It depends on how much of the object's 'children' and 'relationships you want. Think of how many XML parsing libraries work, often they give you a choice, if you clone a Node they give you a basic copy of the Node (Attribute information, Id etc) or a copy of the Node including its entire tree structure.
Could you give some other example which will explain more ?
I can give it a shot ...
Let us take a web application that intends to provide some monitoring of the user sessions. Any administrator that logs into the system can view the current user sessions and what actions are being performed. The admin can take a snapshot of a user session for records. Now, in order to take a snapshot the current state of the user session, which let us say is held by the object UserSession, needs to be copied. One can not use the same object because the user session is still active and hence can modify the state and hence making the snapshot dirty. In such a scenario you need to take a "copy" of the entire user session object that may have contained objects till any depth. So, in this process you will scan the entire object and keep on copying any state of the object into a brand new instance. This process is called "deep copy" and when implemented as a clone, you might as well call it a deep clone.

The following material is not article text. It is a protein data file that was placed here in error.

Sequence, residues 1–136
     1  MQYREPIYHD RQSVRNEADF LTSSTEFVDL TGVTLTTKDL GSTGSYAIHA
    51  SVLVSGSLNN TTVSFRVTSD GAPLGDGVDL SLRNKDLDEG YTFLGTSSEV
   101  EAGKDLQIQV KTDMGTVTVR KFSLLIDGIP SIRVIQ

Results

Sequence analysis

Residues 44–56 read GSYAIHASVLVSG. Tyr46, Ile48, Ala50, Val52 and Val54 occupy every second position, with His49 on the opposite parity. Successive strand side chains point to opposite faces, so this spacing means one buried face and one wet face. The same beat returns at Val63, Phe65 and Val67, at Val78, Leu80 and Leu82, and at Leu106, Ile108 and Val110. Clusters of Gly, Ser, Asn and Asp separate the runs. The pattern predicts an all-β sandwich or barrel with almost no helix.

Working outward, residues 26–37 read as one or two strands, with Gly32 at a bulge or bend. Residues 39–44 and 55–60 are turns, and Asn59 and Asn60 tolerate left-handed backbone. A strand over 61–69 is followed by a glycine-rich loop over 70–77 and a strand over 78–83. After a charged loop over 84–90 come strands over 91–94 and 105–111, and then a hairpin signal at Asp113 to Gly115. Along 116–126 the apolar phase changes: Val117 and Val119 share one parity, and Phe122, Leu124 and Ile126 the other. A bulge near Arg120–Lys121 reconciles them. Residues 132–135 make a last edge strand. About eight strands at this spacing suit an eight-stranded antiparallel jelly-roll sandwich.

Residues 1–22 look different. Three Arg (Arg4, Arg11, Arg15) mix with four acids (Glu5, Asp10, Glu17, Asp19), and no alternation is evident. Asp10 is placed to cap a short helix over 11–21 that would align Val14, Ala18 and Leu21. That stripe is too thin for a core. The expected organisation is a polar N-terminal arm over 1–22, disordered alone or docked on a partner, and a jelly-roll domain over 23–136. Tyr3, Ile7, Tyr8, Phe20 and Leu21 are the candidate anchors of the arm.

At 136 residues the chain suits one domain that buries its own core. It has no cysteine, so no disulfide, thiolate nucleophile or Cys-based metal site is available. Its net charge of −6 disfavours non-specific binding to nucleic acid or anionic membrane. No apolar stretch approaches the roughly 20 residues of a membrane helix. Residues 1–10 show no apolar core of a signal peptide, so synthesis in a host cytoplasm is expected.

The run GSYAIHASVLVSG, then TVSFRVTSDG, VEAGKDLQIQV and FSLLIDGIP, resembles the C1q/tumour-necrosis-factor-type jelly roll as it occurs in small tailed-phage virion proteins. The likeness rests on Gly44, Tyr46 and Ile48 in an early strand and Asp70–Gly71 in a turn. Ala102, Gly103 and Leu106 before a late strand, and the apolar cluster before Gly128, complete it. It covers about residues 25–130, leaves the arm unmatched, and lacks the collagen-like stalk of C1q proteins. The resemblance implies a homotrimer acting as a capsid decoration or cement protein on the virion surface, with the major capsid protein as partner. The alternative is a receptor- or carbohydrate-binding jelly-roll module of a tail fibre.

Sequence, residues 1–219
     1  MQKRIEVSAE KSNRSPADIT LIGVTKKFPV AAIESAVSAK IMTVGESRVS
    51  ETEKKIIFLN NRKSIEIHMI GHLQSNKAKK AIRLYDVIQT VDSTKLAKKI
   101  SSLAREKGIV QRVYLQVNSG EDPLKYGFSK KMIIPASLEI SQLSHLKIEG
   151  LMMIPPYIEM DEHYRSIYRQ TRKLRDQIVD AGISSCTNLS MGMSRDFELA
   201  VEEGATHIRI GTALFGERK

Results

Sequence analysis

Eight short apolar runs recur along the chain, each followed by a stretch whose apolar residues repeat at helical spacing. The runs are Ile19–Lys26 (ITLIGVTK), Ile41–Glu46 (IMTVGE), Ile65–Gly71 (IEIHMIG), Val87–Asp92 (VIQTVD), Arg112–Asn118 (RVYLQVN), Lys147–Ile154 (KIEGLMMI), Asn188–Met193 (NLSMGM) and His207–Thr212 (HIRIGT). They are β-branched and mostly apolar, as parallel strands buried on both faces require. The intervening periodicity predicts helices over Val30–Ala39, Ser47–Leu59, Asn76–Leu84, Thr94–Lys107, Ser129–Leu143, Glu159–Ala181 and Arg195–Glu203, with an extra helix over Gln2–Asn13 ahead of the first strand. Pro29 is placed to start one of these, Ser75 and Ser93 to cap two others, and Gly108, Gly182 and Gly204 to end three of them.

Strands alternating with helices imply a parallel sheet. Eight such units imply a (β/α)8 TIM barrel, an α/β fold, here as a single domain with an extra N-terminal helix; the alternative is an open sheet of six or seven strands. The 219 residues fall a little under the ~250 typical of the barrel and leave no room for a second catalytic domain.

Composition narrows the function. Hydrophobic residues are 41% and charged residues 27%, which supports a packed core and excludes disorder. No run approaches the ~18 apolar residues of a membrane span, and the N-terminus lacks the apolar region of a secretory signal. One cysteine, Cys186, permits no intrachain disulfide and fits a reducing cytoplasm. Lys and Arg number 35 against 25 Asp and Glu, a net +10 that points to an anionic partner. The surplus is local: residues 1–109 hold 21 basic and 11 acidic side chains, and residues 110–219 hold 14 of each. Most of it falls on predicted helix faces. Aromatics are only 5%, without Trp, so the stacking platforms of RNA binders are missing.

Shallow copy can be useful in cases where the contained objects inside the copied object are immutable. So, there is no point in making a copy of these objects as they can not be changed. So, all you need to do is just create a new instance of the main object and be done with it.